I persevered through the discomfort, primarily because the only alternative to the bar was the small Guest House, which I wasn’t quite ready to go back to at that point. I requested another beer and ordered what was quite possibly one of best sandwiches I’ve ever eaten. The woman behind the counter seemed very nonchalant about imparting any detailed information about what food was actually available, but she assured me it was available nonetheless. Lacking any real detail to go by I let her take the lead as she began pointing at various ingredients scattered about the bar. The resulting bocadillo was nothing short of a revelation. It was especially miraculous for its absolute simplicity. Chorizo, cheese and scrambled eggs, on a toasted white roll. I mean, how wonderfully basic is that! But gosh, it was so damned delicious.
The bocadillo satisfied both of my lunch and dinner needs, and I finisahed it up just as the last of the light was disappearing behind a hill in the distance. The cold of the evening air was quite uncomfortable at that point, and so I headed back to the Guest House, brought my freshly laundered clothes in from the balcony and shut the house up for the night. In effect I called it a day – at the outrageously late hour of 7:15pm.
I wandered downstairs and made myself a mug of hot chocolate – Cola Cao no less, because you’ve not mastered the life of a peregrino unless you’ve pilfered every last sachet of the stuff from guest houses along the way. The hot, sweet chocolate perfectly satiated my needs on this now much cooler league of the journey. I considered pulling out my Kindle to read, but I was honest with myself and acknowledged that my brain was really only capable of Netflix once more. And so for the second evening in a row I pulled out my phone and indulged in light entertainment.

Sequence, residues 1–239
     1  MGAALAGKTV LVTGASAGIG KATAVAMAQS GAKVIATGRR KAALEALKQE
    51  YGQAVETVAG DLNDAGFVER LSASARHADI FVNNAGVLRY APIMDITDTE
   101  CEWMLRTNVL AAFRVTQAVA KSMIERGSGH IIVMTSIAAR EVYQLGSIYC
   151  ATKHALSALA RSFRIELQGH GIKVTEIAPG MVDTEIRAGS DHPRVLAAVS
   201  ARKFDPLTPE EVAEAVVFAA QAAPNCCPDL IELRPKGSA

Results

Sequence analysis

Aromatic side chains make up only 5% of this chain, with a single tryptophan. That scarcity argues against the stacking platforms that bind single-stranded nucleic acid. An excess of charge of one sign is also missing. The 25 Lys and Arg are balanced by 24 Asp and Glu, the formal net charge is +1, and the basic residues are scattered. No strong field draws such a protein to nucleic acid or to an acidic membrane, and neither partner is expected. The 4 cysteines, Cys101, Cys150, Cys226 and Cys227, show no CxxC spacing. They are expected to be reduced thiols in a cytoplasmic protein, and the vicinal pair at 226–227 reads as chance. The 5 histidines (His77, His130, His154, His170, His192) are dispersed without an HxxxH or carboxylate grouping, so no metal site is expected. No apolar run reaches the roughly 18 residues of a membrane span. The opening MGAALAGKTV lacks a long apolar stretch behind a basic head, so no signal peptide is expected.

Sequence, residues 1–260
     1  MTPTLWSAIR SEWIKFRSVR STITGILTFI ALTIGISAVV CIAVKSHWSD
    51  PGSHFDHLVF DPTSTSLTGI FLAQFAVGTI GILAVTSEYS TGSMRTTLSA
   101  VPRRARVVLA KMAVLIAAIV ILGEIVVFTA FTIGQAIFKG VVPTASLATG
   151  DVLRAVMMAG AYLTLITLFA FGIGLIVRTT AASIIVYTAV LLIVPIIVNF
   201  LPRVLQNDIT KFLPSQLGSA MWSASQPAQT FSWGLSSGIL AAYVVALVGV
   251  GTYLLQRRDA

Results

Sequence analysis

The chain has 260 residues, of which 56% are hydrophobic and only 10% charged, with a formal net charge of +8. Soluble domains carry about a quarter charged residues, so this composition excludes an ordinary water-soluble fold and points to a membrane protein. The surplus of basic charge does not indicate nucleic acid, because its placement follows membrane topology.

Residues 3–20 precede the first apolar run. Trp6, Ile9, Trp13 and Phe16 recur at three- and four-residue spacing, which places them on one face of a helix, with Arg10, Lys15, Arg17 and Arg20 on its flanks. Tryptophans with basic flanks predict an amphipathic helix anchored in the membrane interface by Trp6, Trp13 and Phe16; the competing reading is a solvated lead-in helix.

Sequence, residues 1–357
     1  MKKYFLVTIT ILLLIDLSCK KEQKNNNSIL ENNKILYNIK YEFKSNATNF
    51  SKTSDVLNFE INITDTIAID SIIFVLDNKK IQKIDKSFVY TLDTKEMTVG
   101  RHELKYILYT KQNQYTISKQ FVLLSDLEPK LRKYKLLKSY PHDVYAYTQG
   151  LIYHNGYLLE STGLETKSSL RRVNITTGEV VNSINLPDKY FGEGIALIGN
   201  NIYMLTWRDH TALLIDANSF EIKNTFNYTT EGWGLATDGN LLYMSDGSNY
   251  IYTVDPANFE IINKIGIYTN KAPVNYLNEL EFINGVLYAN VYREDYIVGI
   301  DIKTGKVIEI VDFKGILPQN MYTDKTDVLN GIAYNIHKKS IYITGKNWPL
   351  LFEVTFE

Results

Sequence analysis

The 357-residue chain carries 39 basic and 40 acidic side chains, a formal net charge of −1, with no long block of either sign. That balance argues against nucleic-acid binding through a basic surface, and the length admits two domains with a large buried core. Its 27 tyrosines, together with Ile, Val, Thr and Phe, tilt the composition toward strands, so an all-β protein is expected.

I felt strangely lonely again, after just two nights on my own after only three nights prior to that with company. And here I was thinking that I was well practiced in isolation. After all, I had endured a summer in Lockdown in London, not to mention the first ten days of my Camino all alone with no conversations but the ones happening inside of my head. I had always comfortably considered myself an introvert, whose ability to recharge came from being alone. And while I still don’t discount that, I really feel like the enormous joy I experienced in the company of Joy, Gerald and Daan was the recharging that I was so desperate for that night in Calzada de Béjar. I was confident that I would be graced by their company again in the near future, especially as we all intended to press pause on our journeys in Salamanca in a few days’ time. But in the meantime I was solo once more, and all the poorer for it.
I parked the funk that came with my loneliness and lost myself in Netflix instead. Not that I was lost there for very long at all – my eyes were closed and my body fast asleep in no time at all.